The need for “Congress-only” apps: POPVOX Elevator example
In 2018, the Beeck Center for Social Impact + Innovation at Georgetown University began to explore ways to provide better resources for what would become the incoming class for the 116th Congress. During the course of her field research, Fellow Lorelei Kelly asked multiple members and staffers for suggestions on how to improve the orientation and transition phase from election to swearing-in, in a way that encouraged bipartisan relationships and mentoring. Representative Jim Cooper [D, TN] noted that new members benefit from safe and private connection with long-time members. He thought that it would be important to create more opportunities for collegiality and friendship among freshmen before the political parties captured so much of a new member’s time and attention.
With support from Democracy Fund, Beeck partnered with POPVOX to develop the concept and build an app based on the initial idea from Rep. Cooper. Kelly enlisted the help of the Former Members of Congress Association to bring on bipartisan “mentors” who agreed to participate and answer questions on the app.
The app was named “Elevator,” a play on the fact that many members actually meet and get to know each other on Capitol Hill at the Members Only-elevator as they rush off to votes. The app spec was intentionally simple: (1) a discussion board where participants could raise new topics or questions, reply to each other, and “like” the responses of others; (2) private, encrypted messaging between individuals; (3) push notifications; and (4) a list of resources for new members. The POPVOX team developed a verification system that limited signup to lawmakers or former lawmaker mentors with email addresses in the POPVOX system.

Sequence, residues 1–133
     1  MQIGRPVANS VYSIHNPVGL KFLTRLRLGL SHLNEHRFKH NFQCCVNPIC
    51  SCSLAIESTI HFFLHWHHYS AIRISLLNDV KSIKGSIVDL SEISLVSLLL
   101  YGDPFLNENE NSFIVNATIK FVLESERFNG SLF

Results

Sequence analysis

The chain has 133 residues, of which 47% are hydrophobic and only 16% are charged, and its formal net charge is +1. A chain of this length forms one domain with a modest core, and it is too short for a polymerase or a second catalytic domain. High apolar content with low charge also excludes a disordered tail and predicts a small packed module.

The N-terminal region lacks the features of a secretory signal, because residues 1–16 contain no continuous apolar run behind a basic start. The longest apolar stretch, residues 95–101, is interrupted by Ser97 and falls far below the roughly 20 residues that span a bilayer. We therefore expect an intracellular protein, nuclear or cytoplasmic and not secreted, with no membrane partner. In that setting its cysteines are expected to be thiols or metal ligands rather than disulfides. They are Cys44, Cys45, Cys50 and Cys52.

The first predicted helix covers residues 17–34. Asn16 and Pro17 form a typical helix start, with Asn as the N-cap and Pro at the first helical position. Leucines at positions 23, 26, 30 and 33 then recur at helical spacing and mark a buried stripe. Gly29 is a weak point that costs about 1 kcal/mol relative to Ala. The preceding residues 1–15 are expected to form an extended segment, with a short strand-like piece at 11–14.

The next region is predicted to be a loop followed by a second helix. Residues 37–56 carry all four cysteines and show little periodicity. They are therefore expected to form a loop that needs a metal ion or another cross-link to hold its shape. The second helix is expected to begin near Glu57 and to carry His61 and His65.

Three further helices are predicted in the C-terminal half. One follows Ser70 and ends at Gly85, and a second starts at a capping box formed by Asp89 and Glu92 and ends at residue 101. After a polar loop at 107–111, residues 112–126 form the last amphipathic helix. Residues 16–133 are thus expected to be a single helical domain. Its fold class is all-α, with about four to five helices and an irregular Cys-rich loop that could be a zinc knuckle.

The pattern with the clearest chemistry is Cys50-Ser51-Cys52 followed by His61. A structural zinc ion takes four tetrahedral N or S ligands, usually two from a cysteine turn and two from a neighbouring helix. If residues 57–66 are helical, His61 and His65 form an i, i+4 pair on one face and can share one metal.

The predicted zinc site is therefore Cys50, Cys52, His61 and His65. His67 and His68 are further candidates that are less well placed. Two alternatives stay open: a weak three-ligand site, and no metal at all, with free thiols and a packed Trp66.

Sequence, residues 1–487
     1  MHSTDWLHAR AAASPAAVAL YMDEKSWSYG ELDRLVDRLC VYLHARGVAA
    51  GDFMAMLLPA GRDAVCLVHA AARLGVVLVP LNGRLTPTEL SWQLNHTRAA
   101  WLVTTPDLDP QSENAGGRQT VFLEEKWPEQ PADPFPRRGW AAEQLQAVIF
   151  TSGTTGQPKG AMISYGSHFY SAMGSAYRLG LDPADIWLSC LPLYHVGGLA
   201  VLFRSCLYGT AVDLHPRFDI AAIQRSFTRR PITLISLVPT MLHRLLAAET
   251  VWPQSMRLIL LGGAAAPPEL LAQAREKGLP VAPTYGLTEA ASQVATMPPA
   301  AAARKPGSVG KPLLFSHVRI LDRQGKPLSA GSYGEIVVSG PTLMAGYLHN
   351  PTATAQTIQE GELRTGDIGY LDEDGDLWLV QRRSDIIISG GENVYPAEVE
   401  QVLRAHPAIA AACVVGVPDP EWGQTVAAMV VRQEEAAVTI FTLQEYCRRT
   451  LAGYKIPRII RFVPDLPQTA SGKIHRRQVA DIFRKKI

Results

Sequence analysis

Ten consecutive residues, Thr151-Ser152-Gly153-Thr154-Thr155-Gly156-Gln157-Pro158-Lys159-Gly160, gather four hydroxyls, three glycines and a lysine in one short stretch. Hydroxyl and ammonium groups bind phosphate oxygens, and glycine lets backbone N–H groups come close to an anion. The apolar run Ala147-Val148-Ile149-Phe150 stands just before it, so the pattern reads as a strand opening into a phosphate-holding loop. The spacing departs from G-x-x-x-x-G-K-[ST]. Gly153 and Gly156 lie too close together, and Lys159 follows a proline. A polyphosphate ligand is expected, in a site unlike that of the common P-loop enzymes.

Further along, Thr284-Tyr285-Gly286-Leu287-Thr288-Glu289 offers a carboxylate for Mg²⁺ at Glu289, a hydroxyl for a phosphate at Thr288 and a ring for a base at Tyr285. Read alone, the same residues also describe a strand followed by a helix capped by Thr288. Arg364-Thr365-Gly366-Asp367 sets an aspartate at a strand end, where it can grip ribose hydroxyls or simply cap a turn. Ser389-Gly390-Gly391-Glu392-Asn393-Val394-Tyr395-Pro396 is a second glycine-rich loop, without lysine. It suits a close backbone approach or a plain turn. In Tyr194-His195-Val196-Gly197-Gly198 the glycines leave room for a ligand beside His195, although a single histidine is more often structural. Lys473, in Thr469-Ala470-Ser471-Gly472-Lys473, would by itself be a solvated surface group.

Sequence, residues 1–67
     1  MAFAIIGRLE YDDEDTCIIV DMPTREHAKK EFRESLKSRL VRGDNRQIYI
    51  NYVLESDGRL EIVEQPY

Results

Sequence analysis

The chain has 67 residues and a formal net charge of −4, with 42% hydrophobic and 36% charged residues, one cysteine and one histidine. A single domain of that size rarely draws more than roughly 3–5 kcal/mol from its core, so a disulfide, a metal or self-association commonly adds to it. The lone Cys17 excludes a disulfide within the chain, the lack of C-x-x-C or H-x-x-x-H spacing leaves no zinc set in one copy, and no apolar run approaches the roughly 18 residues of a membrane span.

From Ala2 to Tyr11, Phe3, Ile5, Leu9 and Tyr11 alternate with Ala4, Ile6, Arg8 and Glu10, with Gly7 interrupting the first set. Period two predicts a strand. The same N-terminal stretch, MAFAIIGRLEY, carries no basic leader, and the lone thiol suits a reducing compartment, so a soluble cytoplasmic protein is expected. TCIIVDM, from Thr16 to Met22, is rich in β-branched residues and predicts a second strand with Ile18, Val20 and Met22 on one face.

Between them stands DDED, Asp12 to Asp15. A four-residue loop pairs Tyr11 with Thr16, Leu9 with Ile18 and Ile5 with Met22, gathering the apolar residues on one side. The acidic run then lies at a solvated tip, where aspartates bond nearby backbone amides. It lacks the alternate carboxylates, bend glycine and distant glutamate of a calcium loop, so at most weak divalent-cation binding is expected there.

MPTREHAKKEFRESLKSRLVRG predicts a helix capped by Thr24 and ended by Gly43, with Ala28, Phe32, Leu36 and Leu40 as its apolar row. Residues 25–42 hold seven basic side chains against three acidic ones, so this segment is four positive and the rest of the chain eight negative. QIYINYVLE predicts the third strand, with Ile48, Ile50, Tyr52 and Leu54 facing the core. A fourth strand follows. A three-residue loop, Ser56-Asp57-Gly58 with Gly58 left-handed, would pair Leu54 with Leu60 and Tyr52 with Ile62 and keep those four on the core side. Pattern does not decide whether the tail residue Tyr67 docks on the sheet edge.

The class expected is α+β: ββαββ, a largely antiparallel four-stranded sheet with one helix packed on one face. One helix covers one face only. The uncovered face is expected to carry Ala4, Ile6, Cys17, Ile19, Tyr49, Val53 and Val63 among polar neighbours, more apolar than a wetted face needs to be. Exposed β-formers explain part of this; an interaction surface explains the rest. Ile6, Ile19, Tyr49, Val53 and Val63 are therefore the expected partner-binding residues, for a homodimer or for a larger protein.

The app was completed and submitted to the Apple app store on October 27, 2018. It was rejected by Apple on November 3 because signup was limited to newly-elected members-elect and verified former member “mentors.” It was resubmitted on November 4 with an explanation of the need to limit access to Congress — but again rejected.
It was resubmitted on November 8 with the ability for public sign-in for limited access to the “resources” page. Apple then rejected the app again because it claimed that the list of resources was not enough public functionality to satisfy the minimum requirements of the app store. (Of course, significant functionality existed for members-elect and mentors, but was not available to the public.)
The Elevator team then worked with Georgetown’s Chief Technology Officer to have the app listed as an “educational” app through Georgetown’s educational account, which would require the distribution of Georgetown access codes to members. It was resubmitted as an educational app, and then inexplicably showed up on the public Apple store with no forewarning a few days later (in mid-December). By this time, the window to reach members in their transition phase had passed. The team has held off on additional updates to the app because it is almost certain that upon review for updates, Apple will again remove the app from the public app store.
While the app itself was ready for use and built to address an important need, the limitations of the public app store thwarted the ability to distribute and optimize the app during the crucial transition period for members-elect.
The team stands ready to re-release the app for Congress (and for other uses that members requested: special versions for Congressional spouses and chiefs of staff, for example) if and when Congress establishes a bulk purchase account. Until then, however, the approval requirements to make the apps for Congress available in the public app store or work with educational partner for closed distribution are too onerous to make the project successful.
Elevator is just one example of the kind of functionality that makes sense to have in a Congress-only app, among many. Committees have frequently expressed a desire for apps that would enable information dissemination and discussion among staffers of committee members. Basic Congressional operations such as scheduling, travel, procurement, and security updates could be more securely handled through closed apps developed specifically for the institution. Establishing the ability to build enterprise apps for lawmakers and staffers — as organizations and businesses frequently do for their own employees––is a basic and important step towards “modernizing” Congress.
Lorelei Kelly is a Fellow and leads the Resilient Democracy Coalition at the Beeck Center for Social Impact + Innovation at Georgetown University.
Marci Harris is co-founder and CEO of POPVOX, an online platform for legislative information and civic engagement.